One evening, he was sitting by Ludmilla’s bed, and she had tears in her eyes. She explained that this was probably going to be goodbye. That “tomorrow you will be relieved of the burden of caring for this tiresome old woman”. He cried too, for she was not tiresome to him, quite the opposite, he lived for her company. They chatted on and off for hours in the dim light, but she was short of breath and spoke only in short bursts. She made him promise not to mix the 2 envelopes up. One was for him, and the other for her family as a whole. After a while, the talking stopped, and they just held hands. His big rough hands with broken skin from forest work, and her small, fragile veiny but warm hand. After a while, he fell asleep like this. But some time later he was awoken at the feel of her gripping his hand more tightly. Startled, he looked at Ludmilla to see what was wrong, but instead, he saw the most beautiful smile across her face, and her eyes closed. The smile became a look of great surprise as her lips parted as if she had seen a long lost friend in her mind’s eye. Then, just as suddenly, the grip loosened, she closed her mouth back into a faint smile and stopped breathing. Someone had come down to meet her, he thought, and he knew she had gone from his life, gone to a more beautiful place where she would be without pain, suffering, and loss.
Alexandru waited until the morning before calling the town doctor, who came and confirmed Ludmilla had died peacefully and naturally. The lawyer was contacted, who in turn informed the family, and Ludmilla’s body was taken to the local funeral parlour, where it was embalmed and kept in storage for a week. During this time, the family returned from the America to pay their respects.
There was a farewell ceremony and everyone took the time to get to know each other. Alexandru was present but didn’t feel it right that he should fraternize too much, so stayed in the shadows. After the ceremony, there was a short funeral, no speeches, no readings, aside from those of the priest. There were, however, some elderly gentlemen at the back of the church, in military uniform, adorned with medals. Eventually, the lawyer invited family, and Alexandru to his office later that day, and requested him to bring the 2 letters he left with Ludmilla.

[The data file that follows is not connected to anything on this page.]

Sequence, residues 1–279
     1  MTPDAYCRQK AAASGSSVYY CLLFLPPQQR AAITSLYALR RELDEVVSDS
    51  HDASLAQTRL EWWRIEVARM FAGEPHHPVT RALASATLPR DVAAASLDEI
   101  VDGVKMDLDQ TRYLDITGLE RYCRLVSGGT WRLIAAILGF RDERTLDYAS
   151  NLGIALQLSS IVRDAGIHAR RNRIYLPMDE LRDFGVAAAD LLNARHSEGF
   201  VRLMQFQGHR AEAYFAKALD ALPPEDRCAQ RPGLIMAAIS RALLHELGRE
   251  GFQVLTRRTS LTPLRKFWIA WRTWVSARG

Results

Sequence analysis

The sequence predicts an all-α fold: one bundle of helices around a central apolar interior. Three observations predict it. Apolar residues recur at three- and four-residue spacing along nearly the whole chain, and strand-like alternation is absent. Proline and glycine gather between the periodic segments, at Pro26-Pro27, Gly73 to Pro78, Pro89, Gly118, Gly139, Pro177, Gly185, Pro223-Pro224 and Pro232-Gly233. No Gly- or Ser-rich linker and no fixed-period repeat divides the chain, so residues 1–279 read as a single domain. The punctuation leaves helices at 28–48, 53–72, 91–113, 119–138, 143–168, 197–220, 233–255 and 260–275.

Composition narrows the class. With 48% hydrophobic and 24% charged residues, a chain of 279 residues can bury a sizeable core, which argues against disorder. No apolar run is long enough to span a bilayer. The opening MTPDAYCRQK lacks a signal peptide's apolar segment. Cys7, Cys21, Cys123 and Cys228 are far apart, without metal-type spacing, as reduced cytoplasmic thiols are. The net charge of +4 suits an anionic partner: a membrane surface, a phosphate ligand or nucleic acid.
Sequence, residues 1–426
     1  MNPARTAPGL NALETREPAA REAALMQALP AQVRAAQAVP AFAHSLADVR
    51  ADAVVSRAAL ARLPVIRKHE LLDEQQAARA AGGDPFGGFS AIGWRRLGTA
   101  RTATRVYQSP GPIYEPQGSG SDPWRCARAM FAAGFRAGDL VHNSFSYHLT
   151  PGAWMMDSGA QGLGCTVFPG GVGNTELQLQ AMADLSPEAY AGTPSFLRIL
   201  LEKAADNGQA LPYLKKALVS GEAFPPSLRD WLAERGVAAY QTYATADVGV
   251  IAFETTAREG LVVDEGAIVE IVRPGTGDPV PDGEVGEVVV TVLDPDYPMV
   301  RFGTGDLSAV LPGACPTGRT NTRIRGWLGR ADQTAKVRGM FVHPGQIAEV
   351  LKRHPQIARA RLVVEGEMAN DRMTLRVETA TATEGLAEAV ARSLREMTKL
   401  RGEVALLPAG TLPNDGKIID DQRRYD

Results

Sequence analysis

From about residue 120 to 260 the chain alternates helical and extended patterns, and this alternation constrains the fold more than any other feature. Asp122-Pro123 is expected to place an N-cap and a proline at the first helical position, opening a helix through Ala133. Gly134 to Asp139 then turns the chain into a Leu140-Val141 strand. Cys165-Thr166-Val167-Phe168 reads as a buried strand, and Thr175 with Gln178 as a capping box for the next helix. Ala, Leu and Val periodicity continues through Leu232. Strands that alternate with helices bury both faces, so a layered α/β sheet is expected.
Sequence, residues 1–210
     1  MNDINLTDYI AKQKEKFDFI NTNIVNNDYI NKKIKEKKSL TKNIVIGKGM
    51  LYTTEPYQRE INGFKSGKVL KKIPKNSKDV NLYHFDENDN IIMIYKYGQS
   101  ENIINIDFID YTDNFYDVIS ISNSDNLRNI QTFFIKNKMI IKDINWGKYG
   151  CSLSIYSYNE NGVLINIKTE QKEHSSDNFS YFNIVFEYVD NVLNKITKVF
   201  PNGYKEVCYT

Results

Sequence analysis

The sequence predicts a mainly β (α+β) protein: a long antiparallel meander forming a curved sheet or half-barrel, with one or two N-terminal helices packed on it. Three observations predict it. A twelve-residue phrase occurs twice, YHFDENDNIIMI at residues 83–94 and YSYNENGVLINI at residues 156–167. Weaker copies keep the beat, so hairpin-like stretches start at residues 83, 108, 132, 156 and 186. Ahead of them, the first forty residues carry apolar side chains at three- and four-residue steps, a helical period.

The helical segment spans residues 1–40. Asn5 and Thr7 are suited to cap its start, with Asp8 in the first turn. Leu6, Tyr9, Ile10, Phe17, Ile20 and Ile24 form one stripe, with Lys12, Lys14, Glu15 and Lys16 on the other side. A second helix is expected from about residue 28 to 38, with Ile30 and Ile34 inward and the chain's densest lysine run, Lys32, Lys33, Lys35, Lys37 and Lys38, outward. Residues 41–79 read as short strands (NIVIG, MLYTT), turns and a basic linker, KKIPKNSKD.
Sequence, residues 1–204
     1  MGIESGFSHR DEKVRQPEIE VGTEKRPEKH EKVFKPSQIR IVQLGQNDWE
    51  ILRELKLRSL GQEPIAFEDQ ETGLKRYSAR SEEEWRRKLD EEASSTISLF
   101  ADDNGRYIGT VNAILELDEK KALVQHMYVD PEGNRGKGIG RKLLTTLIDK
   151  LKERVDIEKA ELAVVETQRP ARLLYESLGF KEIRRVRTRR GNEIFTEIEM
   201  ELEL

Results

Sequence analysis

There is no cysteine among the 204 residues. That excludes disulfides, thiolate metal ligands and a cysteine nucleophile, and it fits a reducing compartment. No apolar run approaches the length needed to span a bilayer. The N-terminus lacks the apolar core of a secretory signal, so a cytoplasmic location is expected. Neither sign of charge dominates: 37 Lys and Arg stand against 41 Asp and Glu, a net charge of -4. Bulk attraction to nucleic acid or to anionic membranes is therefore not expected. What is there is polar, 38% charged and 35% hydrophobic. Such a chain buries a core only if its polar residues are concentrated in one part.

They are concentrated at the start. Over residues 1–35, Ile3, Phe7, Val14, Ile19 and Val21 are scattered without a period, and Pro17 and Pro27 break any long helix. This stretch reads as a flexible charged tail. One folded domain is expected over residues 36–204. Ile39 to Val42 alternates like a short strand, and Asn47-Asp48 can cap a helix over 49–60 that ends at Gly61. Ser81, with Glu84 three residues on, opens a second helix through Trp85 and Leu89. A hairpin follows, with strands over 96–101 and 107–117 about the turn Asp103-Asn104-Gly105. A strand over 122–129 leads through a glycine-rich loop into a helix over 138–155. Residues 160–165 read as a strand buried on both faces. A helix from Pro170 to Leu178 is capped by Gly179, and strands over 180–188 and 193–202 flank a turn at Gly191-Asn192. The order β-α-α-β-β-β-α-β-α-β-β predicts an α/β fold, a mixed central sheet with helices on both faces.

Once at the law chambers, firstly, the family were invited in. Now seated, Eugene and Adina, and the 3 kids, eagerly waiting to hear the news from the Lawyer and to discover what inheritance they would be given.
The lawyer opened the first envelope & read out the contents
“My loved ones, I realise you have a lot of emotions now, as I did when my mother died, so I comprehend what you are feeling. I am so sorry that I had to die while you are so young and I assume it hurts for you. Perhaps you can use some of these emotions and feelings to become better humans. Let me assure you that I did everything stay alive for as long as possible, but I lived much longer than I should have, given my journey through life, to begin with”
“I am proud of you for everything you have done in your life. I will be watching over you every day to see what new and exciting things you will accomplish, regardless of what occupations you pursue over your lifetime. Do your best to support each other, especially during this period. I remember that difficult time when my mother died. Time will certainly help, but it takes a long time to focus on the happy memories while the sad thoughts are more immediate and closer at hand”.
“I had many fantastic years on earth, more than a lot of people, hence, I have no complaints. I survived being shot, tortured, numerous illnesses and many things I never told you about. So I have already lived many lives and I was extremely grateful for each and every moment. Try and live your life that way and you will be a happy and fulfilled human being. But above all, try not to forget your motherland, Romania. This country has given so much to you, behind the scenes; its riches, its nature, its geography, even the blood of its people, for you to live the lives and freedoms you now enjoy. Do not turn your back on her. Always carry the tri-colour in your heart, somewhere”